|Bill Allombert on Thu, 12 Dec 2002 14:00:21 +0100|
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|Re: How to eliminate the big-oh|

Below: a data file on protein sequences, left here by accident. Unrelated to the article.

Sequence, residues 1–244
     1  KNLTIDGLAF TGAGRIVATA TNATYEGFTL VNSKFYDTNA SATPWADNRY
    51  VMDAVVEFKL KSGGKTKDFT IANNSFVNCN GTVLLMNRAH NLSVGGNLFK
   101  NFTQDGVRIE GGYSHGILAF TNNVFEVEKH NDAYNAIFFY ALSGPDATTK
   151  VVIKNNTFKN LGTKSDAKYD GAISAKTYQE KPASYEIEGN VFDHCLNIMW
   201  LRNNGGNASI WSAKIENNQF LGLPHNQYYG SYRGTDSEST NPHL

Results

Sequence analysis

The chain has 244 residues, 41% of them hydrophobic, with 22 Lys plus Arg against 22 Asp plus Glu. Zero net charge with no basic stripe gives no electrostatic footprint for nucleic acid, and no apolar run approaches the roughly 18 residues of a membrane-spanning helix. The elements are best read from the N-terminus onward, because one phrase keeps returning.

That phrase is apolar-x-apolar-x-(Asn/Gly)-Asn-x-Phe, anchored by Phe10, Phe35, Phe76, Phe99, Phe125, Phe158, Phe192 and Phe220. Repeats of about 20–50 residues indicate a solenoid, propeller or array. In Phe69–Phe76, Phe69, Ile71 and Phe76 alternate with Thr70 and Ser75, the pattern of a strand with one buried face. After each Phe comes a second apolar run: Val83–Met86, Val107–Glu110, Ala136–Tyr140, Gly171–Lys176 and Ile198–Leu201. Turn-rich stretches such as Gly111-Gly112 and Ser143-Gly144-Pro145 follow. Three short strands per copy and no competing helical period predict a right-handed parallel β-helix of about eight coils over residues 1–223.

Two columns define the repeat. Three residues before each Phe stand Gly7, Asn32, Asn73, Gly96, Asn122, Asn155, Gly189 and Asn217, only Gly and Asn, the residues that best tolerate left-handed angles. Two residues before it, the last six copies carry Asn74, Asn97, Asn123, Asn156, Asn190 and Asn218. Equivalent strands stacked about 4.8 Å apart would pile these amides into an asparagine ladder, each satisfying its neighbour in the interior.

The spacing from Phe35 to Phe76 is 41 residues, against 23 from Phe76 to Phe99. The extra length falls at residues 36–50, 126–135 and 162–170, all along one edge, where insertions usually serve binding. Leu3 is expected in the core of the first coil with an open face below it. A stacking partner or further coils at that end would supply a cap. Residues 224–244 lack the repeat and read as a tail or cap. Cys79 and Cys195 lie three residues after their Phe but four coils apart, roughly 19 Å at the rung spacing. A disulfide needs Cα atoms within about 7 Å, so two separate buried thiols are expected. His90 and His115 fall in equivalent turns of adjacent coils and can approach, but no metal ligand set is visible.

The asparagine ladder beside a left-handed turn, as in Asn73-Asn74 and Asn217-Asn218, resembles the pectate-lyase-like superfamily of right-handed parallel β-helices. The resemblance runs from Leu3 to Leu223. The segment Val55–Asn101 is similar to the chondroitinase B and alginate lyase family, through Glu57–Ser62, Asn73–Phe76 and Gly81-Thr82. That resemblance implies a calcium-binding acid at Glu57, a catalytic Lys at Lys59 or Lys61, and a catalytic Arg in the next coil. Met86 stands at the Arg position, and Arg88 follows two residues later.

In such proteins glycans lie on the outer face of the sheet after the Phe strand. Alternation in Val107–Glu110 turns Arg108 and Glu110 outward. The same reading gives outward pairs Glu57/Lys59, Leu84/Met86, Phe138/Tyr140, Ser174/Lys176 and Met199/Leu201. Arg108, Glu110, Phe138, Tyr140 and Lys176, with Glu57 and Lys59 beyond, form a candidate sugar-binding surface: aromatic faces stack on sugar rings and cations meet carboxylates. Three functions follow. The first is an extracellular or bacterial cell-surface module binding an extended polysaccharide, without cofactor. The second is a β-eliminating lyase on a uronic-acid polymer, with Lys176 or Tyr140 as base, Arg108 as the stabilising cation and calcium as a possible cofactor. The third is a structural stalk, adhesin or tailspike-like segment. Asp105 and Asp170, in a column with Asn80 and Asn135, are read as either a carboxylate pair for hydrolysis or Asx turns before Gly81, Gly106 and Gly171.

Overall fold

On Thu, Dec 12, 2002 at 12:26:44PM +0100, Franck MICHEL wrote: > Thank you, it works. Certainly a naive question, but: how can we know the > level of priority of variables? Is it possible to change it? The rule is: x has always the highest priority, then priorities are assigned to variable as soon as they are introduced. The customary way to avoid problem is to enter x;t;z as the start of a gp session, so that we have x >> t >> z > >fortunately there is a simpler solution, convert your polynomial to a > vector: > > > >Pol(truncate(Vec(taylor((1-x)/(1-t),t)))) > > It's a nicest solution, unfortunately it does not work for other expressions. > For example, if we slightly modify (1-x)/(1-t) and consider > > truncate(taylor((1-x)/(x-t),t)), we get -1+O(t^16) > > Pol(truncate(Vec(taylor((1-x)/(x-t),t)))) gives the same bad answer Of course, because it is a rational function not a polynomial. The answer is correct, since truncate() apply to the highest priority variable, that is x, and (1-x)/x=x^-1 - 1 + O(x^15) > but subst(truncate(subst(taylor((1-x)/(x-t),t),x,z)),z,x) gives the good > expansion. > If we ask for the type of taylor(1/(1-t),t), we get "SER"; for > taylor((1-x)/(1-t),t) we get "POL"; and for taylor((1-x)/(x-t),t) we get > "RFRAC". When we have x and t, the type is determined with respect to x. It > is determined with respect to t after changing z in x as you have > suggested. If we have to deal with a quotient with multiple variables (x, > y, z, etc.., and t), I presume all the variables above the level of > priority of t would have to be substituted by variables below the level of > priority of t. But it is not very convenient, the determination of levels > of priority of variables is a little bit mysterious for me and I am > wondering if there would be a better solution than using substitutions with > low-level variables. I agree, this system is confusing, but we don't have any idea to make it better. I suppose we should extend truncate to take the variable we want to truncate as an extra parameters. Cheers, Bill.